axil and are without stalks. 
Fruit: Velvety pods are tightly coiled, 3 to 
4 mm wide. Seeds are round to oblong, 
1.5 to 2.5 mm long, glossy and mottled. 
Distribution and habitat
Scattered occurrences in the Manmanning 
and Ejanding area, north of Dowerin in 
the Avon Wheatbelt IBRA region. It grows 
in white or grey sandy clay over laterite, in 
shrubland and heath with Allocasuarina
campestris, Grevillea hookeriana, 
Ecdeiocolea monostachya, Astroloma 
serratifolium, Gastrolobium calycinum and
Borya sp.
Flowering period
June to August. 
Seed maturity
October to November.
Similar species
The typical subspecies, Acacia cochlocarpa 
subsp. cochlocarpa, is superficially similar 
in appearance but has phyllodes that are 
generally greater than 4 cm long, hairless 
branchlets, pods and phyllodes and flower 
heads obloid to short-cylindrical. Acacia
lirellata subsp. compressa is also similar 
but has non-coiled hairless pods, hairless 
branchlets and narrower hairless phyllodes. 
Velvety spiral pod wattle 
Acacia cochlocarpa subsp. velutinosa 
Family: Mimosaceae
Status: Critically Endangered
Distribution map

25
A - Herbarium specimen, B - Flower, 
C - Flower and leaf, D - Habit, E - Habitat
B
E
C
D
Joel Collins
Joel Collins
Joel Collins
Joel Collins
A
2 cm
W
A
 Herbarium

26
Derivation of name
Derived from the Latin denticulus (small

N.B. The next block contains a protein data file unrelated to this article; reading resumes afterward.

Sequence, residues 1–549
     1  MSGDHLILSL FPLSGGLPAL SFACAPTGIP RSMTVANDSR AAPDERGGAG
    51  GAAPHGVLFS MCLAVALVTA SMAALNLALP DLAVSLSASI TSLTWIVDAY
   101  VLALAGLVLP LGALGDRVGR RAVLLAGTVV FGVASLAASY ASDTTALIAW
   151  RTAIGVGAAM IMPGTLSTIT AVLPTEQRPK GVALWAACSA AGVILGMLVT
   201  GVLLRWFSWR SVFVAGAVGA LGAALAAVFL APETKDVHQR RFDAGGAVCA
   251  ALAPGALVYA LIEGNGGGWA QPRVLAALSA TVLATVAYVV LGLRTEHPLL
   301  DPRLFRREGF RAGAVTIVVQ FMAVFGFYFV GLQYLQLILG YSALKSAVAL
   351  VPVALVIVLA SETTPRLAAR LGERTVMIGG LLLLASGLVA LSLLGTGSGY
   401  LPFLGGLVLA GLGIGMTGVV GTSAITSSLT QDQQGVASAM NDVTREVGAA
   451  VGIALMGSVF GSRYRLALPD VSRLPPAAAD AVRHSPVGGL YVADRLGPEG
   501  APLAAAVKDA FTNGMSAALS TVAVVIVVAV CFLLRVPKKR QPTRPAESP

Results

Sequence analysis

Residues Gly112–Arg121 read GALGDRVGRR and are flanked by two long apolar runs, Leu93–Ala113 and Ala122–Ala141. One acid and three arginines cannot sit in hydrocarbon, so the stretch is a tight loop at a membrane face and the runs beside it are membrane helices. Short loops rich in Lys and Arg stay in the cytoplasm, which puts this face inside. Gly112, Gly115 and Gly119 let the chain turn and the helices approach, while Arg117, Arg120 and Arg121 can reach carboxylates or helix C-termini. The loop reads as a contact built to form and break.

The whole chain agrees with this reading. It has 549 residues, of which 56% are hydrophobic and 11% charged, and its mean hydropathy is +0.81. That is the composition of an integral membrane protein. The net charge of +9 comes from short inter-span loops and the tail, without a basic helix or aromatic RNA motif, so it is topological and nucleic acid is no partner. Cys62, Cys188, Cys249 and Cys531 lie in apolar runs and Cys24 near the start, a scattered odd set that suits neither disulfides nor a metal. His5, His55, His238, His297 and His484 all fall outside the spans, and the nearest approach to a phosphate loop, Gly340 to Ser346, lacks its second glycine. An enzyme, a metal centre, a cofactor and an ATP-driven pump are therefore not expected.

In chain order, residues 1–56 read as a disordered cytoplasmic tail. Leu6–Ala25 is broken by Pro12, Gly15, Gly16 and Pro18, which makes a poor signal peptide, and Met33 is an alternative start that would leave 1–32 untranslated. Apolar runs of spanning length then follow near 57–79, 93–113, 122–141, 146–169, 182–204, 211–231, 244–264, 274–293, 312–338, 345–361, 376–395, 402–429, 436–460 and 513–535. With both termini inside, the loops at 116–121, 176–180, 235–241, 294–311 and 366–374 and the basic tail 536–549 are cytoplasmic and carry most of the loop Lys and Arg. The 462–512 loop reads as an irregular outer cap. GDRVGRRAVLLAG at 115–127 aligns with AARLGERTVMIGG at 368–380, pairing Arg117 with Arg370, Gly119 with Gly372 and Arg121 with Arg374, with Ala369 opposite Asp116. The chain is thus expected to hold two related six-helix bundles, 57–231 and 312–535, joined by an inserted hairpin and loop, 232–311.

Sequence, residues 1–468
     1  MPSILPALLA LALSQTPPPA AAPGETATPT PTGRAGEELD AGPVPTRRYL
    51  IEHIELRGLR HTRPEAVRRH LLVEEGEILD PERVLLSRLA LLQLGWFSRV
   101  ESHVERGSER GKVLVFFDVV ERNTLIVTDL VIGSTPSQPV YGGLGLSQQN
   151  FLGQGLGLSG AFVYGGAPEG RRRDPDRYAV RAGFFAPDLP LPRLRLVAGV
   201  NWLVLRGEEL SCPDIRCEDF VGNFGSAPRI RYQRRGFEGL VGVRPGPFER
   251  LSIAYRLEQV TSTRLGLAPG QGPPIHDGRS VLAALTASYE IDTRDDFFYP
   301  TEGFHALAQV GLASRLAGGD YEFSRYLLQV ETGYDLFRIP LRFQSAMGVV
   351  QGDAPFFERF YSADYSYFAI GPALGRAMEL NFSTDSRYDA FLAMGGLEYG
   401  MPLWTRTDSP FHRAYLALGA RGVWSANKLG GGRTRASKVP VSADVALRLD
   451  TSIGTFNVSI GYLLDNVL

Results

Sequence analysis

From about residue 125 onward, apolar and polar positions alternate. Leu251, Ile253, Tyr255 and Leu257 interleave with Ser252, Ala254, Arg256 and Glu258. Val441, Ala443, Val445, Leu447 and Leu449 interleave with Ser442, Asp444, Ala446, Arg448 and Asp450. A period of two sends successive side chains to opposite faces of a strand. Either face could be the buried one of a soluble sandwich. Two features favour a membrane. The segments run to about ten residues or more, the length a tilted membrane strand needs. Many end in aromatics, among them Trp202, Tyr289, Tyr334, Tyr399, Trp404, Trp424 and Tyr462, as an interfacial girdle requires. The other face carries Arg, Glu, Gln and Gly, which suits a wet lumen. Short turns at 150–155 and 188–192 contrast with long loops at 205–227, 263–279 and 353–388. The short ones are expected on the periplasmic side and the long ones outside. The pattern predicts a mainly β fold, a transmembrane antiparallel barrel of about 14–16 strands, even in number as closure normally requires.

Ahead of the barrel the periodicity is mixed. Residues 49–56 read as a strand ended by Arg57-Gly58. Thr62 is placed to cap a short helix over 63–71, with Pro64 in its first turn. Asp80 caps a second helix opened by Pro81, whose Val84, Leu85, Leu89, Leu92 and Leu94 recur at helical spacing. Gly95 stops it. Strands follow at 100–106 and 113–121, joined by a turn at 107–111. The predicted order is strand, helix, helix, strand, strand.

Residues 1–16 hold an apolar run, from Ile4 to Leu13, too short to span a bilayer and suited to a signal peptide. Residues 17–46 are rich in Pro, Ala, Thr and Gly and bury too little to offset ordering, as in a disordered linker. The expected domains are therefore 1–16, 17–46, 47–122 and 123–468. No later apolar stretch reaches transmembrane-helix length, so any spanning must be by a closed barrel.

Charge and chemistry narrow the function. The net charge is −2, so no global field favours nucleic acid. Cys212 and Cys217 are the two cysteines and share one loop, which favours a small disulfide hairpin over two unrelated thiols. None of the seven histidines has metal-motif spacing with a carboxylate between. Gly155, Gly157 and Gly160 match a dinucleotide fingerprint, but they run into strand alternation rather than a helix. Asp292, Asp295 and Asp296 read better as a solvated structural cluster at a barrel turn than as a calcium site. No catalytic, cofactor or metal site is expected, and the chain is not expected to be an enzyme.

tooth) and osus (abounding in), referring 
to the small teeth-like spines along the
leaf margins. 
Authority and type collection
Named by Ferdinand von Mueller in 1876 
from specimens collected near Mount 
Churchman, north of Beacon by J. Young.
Description
Habit: Open erect shrub 1 to 4 m high. 
Stems: Dark reddish bark is warty with 
new shoots resinous. 
Leaves: Dark green phyllodes are round 
to oval, wavy, 5 to 9 cm long and 3.5 to 
7.5 mm wide with a tough sandpaper-like 
feel. Each has 3 to 4 prominent, curved, 
longitudinal, yellowish nerves, net-like 
veins and prominent spines along the 
phyllode margins. 
Flowers: Dense golden flower spikes 
are 2.5 to 8 cm long and 6 to 8 mm in 
diameter. Stout warty flower stalks are 
resinous and 3 to 7 mm long. 
Fruit: Light brown pods are linear, 
wrinkled, up to 7.5 cm long and 3 to 
4.5 mm wide and hairless. Glossy brown-
black oval seeds are 3.5 to 4 mm long.
Distribution and habitat
Scattered occurrences in the Beacon, 
Mukinbudin and Wongan Hills areas, with 
an early collection from near Nungarin in the 
Avon Wheatbelt IBRA region and extending 
into the Coolgardie IBRA region. It grows 
in shallow brown sandy loam over granite, 
sometimes on granite outcrops and rocky 
slopes, in shrubland with Allocasuarina
campestris, A. acutivalvis, Acacia lasiocalyx, 
Exocarpos aphyllus, Kunzea pulchella, 
Calothamnus asper, Melaleuca radula and
Borya sp.
Flowering period
September to October.
Seed maturity
November to December.
Similar species
Unknown.
Sandpaper wattle
Acacia denticulosa 
Family: Mimosaceae
Status: Vulnerable
Distribution map

27
A - Herbarium specimen, B - Flower, C - Flower 
and leaf, D - Habitat, E - Habit and habitat
B
E
C
D
Chris Phoebe
Joel Collins
Joel Collins
Andr
ew Br
own
A
2 cm
W
A
 Herbarium
JMC534

28
Derivation of name
Derived from the Greek pharagx (ravine 
or gully) and ites (connected with or 
belonging to), referring to the species 
gully habitat.
Authority and type collection
Named by Bruce Maslin in 1982 from 
specimens he collected near Wongan Hills 
in 1976.
Description
Habit: Spindly open shrub 3 to 4 m high. 
Stems: Extremities have a whitish-
blue sheen, hairless. Older stems are 
pockmarked with scars of phyllodes that 
have died and fallen off.  
Leaves: Greyish-green phyllodes are circular 
in cross-section, straight to shallowly 
curved, 1.5 to 4 cm long and 1 mm wide. 
Phyllodes are hairless, smooth, have 7